Why we’re stepping out for heart failure patients in Canada

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It’s 2018 and we’re stepping out for heart failure patients in Canada because the need for advocacy is greater than ever. 

One million Canadians are living with heart failure and 50,000 are diagnosed with the illness each year, according to the Ted Rogers Centre for Heart Research. Meanwhile, heart failure is costing the Canadian healthcare system up to $2.3 billion annually, with the majority being spent on acute care. 

However, there is a strong desire within the healthcare community to improve the overall quality of the patient experience. In fact, physicians who effectively communicate can make a profound difference in their patients’ quality of life, even in chronic care.  

This is conveyed in the 2017 feature titled ‘How the Patient’s Voice Advances Safe Care’ which was published by the Risk Management Magazine of the Canadian Medical Protective Association (CMPA). It indicates how powerful patient voices can be in leading to better healthcare outcomes. 

As Canada’s first and only national patient-led heart failure charitable organization, we’re working to engage patients, families, and caregivers, to provide education and support. We’re facilitating access to the latest research, innovations, and treatments, with one common goal – to advocate better care for all. 

 

HeartLife Foundation beginnings

Our founder and president, Dr. Jillianne Code first met our co-founder and vice president, Marc Bains, at the Heart and Stroke Roundtable in 2016. They were both invited to provide their perspective on heart failure care in Canada, and they were the only two patients at the table. 

“We got to chatting and determined that there needed to be a dedicated advocacy group for those effected by heart failure. There was no other advocacy organization focused on heart failure that was run by patients for patients,” says Marc. 

In their discussions with healthcare leaders in Canada, the lack of organized patient advocacy efforts, led by patients, was identified as a gap. They were challenged by Dr. Sean Virani to do something about that and the concept of the HeartLife Foundation was born.

 

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Progress and results

Now, two years later, the HeartLife Foundation is working to raise awareness of heart failure and taking action for patient care while building a local, regional, and national, network of heart failure advocates. 

As a member of the Better PharmacCare Coalition, we’re collaborating with stakeholders to ensure patient access to the latest innovative therapies; we sit on panels, committees, and boards to provide patient perspective and contribute from a foundational level. At present, we’re participating in research being undertaken at UofA, UHN, UNBC, UBC, UofT, and UOIT. 

The HeartLife Foundation mentors, supports, and guides, patients, families and caregivers, in times of need and operates a closed Facebook support group. Additionally, we educate and empower patients online to effectively self-manage their illness and share information detailing the latest research, trends, and tips on our social media channels. 

Marc has been instrumental in obtaining grants to support opportunities to expand our reach, bring patients in to national conferences, and get plans in motion for a nationwide patient registry. Meanwhile, Jillianne has been a strong driver building relationships and in roads in the scientific community.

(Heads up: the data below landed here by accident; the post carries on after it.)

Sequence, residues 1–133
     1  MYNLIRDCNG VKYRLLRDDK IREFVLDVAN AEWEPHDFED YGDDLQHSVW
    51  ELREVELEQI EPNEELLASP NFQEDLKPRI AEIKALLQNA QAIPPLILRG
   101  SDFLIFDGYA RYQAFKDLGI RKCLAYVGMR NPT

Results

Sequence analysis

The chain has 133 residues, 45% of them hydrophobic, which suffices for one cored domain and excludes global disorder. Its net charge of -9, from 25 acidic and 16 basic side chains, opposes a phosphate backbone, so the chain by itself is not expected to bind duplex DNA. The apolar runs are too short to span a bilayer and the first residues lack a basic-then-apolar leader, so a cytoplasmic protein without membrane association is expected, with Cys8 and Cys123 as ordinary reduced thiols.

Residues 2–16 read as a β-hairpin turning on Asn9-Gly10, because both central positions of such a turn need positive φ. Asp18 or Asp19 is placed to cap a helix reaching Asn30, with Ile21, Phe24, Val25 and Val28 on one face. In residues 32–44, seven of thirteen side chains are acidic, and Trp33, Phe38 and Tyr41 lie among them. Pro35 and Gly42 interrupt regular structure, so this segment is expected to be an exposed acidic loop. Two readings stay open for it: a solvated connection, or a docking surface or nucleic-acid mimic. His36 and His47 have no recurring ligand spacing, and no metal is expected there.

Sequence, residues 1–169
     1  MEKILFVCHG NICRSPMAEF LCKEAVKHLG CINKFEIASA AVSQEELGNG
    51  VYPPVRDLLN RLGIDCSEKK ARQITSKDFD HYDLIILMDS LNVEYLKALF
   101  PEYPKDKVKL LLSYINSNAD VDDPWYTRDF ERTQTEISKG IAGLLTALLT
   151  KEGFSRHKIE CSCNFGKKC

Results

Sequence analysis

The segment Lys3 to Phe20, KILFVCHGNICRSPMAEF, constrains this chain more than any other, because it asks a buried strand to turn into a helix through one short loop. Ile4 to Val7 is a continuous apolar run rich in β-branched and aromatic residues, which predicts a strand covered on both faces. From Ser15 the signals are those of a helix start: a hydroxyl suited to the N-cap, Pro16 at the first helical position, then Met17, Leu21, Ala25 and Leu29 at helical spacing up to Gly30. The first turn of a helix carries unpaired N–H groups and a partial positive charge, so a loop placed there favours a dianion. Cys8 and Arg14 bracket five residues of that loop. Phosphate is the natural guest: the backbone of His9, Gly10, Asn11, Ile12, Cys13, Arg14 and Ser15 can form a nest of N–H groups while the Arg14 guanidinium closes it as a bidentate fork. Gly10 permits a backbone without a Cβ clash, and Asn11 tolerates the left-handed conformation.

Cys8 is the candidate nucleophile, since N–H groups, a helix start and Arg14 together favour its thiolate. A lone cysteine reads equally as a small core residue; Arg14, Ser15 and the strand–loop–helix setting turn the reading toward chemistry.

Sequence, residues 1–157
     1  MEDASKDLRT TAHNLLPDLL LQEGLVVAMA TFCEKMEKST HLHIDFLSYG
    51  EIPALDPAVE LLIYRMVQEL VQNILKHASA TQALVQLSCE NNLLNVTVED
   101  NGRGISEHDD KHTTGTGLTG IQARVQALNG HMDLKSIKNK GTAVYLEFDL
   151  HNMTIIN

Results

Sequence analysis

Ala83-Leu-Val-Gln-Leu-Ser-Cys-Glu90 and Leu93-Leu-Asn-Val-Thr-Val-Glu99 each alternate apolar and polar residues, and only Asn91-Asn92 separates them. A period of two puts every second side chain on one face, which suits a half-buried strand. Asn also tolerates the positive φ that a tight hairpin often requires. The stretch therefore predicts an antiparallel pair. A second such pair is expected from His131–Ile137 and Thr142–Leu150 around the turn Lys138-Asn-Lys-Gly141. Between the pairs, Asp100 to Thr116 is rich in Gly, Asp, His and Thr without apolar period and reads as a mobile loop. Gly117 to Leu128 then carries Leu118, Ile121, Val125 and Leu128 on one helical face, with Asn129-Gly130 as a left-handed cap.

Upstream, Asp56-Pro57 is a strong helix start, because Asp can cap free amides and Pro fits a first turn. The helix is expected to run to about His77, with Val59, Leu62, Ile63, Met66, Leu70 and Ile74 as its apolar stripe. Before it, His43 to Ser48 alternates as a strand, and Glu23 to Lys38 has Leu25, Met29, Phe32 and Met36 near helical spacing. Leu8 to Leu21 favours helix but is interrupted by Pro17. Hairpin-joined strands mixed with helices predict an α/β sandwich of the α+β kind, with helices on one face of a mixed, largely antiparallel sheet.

Advocating for access to medications

A 2016 report on ‘The Price of Public Health Care Insurance’ by the Fraser Institute noted how the average payment for public health care insurance ranged from $3,620 to $11,795 for six common Canadian family types. 

Between 2006 and 2016, the cost of public health care insurance for the average Canadian family “increased 1.4 times faster than the average income, 1.3 times as fast at the cost of food, and at about the same pace as the cost of shelter,” according to the report. And this is before the cost of what could be life-saving prescription medications. 

To help heart failure patients get access to the medications they need, The HeartLife Foundation advocates at government level, in meetings with MLAs, as well as writing letters to the Canadian Agency for Drugs and Technologies in Health (CADTH) and PDCI Market Access to support specific medications. 

 

Representing at the Heart Failure Update

The Heart Failure Update is Canada’s largest meeting devoted to heart failure which features both clinical and scientific segments. This year, the HeartLife Foundation will once again be attending the meeting as faculty. 

Including patients in major cardiology conferences in Canada is relatively new, but Jillianne and Marc were the first two patients to break through this barrier in 2016. Since then, they have participated as faculty at both the 2017 Heart Failure Update as well as the 2017 Canadian Cardiovascular Congress. 

“In 2017, we had our largest presence at the Heart Failure Update with 26 patients and caregivers in attendance. It [the meeting] gives us the opportunity to interact with healthcare professionals and patients/caregivers from across the country,” says Marc. 

HeartLife’s Jillianne, Marc, and Dr. Virani, wrote an article in collaboration with Canadian doctors and scientists which was published in the Canadian Journal of Cardiology in November, 2017. Titled ‘The Need for Heart Failure Advocacy in Canada’, the article delves into the key challenges facing the advancement of patient-centred heart failure care in Canada. 

It provides a detailed look at targets for health care system redesign and policy initiatives that need to be addressed in order to bring about meaningful change for the state of heart failure. You can read the article here.